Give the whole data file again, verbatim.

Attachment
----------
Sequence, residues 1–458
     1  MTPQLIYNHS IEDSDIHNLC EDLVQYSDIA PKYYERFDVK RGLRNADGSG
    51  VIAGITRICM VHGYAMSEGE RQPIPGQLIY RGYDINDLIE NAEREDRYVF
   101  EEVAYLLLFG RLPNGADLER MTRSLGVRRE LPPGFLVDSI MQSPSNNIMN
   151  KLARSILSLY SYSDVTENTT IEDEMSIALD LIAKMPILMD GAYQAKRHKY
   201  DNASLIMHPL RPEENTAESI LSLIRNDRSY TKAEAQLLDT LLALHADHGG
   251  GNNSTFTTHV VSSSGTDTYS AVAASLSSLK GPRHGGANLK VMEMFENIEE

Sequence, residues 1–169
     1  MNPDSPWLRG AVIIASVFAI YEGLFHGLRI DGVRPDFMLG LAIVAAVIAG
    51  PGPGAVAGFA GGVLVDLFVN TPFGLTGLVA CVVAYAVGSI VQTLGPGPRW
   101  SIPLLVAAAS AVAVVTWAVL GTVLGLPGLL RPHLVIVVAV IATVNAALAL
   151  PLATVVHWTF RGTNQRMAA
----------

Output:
Sequence, residues 1–458
     1  MTPQLIYNHS IEDSDIHNLC EDLVQYSDIA PKYYERFDVK RGLRNADGSG
    51  VIAGITRICM VHGYAMSEGE RQPIPGQLIY RGYDINDLIE NAEREDRYVF
   101  EEVAYLLLFG RLPNGADLER MTRSLGVRRE LPPGFLVDSI MQSPSNNIMN
   151  KLARSILSLY SYSDVTENTT IEDEMSIALD LIAKMPILMD GAYQAKRHKY
   201  DNASLIMHPL RPEENTAESI LSLIRNDRSY TKAEAQLLDT LLALHADHGG
   251  GNNSTFTTHV VSSSGTDTYS AVAASLSSLK GPRHGGANLK VMEMFENIEE

Sequence, residues 1–169
     1  MNPDSPWLRG AVIIASVFAI YEGLFHGLRI DGVRPDFMLG LAIVAAVIAG
    51  PGPGAVAGFA GGVLVDLFVN TPFGLTGLVA CVVAYAVGSI VQTLGPGPRW
   101  SIPLLVAAAS AVAVVTWAVL GTVLGLPGLL RPHLVIVVAV IATVNAALAL
   151  PLATVVHWTF RGTNQRMAA